Long tailed sawflies eating gum leaves, by Karen Retra.

How do insects survive on gum leaves?

By Jonathon Howard

Many insects survive on a diet of gum leaves. This is a food source low in nutrients. It also contains eucalyptol, an organic compound that is toxic in high doses as well as flavonoids (plant-based antioxidants), volatile oils, and tannins. So what enables insects to not just survive but thrive on such a diet?

If you thought of the sawfly when answering this question, your answer would be that some insects store the toxic Eucalyptus oil inside their body and use it for their own defence. When disturbed, sawfly larvae tap their abdomens up and down and regurgitate the Eucalyptus oil as thick yellow fluid- which has been shown the deter ants and other predators.

But that response does not answer the question about what ‘enables’ the insect to eat the leaves. Part of that answer is that many insects have the right ‘weaponry’. The cell wall of a leaf can be difficult to digest or chemically crack open. So many insects rely on ‘mechanical’ disruption to do so. That is, their head and jaws are built strong enough to crack open a cell wall.

Caterpillars replace their jaws at each moult, offering the potential for them to change their teeth each time. This means smaller heads and jaws facilitate selective feeding- such as at the leaf tips. Whereas larger heads and jaws allow the individual to be less fussy and consume greater quantities of leaf material not possible by younger and smaller caterpillars. It means caterpillars of different sizes do not compete for the same food source.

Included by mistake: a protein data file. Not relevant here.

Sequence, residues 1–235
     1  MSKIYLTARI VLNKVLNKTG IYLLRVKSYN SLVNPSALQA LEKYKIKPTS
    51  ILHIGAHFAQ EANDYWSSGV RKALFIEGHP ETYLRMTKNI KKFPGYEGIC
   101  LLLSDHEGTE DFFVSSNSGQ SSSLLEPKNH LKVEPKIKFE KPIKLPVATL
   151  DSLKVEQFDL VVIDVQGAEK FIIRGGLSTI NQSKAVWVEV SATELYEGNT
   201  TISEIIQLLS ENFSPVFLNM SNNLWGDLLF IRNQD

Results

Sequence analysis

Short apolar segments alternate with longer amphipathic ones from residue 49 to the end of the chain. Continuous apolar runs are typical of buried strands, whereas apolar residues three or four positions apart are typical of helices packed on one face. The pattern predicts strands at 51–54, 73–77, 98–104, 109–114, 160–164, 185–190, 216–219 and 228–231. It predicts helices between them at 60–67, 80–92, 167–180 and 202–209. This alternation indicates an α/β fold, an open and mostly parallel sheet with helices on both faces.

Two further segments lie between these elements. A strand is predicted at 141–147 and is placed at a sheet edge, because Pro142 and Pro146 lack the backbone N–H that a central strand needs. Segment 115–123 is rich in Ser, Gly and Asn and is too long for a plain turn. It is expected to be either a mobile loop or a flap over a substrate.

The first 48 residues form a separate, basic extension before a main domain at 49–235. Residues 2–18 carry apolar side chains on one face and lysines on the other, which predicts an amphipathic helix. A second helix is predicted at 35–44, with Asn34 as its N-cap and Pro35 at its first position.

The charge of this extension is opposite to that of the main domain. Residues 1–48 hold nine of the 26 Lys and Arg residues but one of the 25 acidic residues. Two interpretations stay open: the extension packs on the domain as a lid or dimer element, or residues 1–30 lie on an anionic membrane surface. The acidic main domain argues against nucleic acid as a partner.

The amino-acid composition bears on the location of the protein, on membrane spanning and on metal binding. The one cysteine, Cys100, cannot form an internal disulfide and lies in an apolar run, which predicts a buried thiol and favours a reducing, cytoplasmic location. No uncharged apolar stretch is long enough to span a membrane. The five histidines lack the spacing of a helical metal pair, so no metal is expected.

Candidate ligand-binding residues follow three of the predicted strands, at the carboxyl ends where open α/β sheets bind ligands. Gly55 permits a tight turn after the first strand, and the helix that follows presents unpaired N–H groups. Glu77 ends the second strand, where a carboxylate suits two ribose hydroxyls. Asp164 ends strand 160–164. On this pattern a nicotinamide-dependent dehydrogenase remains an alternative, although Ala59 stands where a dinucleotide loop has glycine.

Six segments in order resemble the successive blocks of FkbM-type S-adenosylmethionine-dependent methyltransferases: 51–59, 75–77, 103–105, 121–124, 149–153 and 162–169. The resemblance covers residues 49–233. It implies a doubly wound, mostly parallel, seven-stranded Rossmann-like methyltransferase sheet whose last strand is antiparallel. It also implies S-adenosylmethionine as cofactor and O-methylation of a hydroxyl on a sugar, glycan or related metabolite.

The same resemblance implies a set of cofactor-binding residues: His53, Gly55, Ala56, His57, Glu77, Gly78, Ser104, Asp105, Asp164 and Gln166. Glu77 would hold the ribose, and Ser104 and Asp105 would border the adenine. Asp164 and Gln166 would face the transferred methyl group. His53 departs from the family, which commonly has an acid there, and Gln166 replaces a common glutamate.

But its more complex than that, in some species the parts of the leaves that are eaten change. For example, some young caterpillars have a toothed cutting jaw, while older ones have a smoothed edge jaw. A smooth edge jaw spreads the force required to crack the leaf’s cell wall.  This means as a caterpillar grows, it changes it feeding strategies from leaf mining, to skeletonising, and then finally leaf snipping.  These changes to the jaw structure are partnered with larger heads which house large muscles capable of producing greater force.

While eucalypt leaves might not seem very nourishing, if you use them wisely, it enables you to protect yourself from predators and avoid competition from your brothers and sisters. No wonder it’s a food source enjoyed by many of the six legged creatures in this world.


Long-tailed sawflies eating gum leaves, by Karen Retra.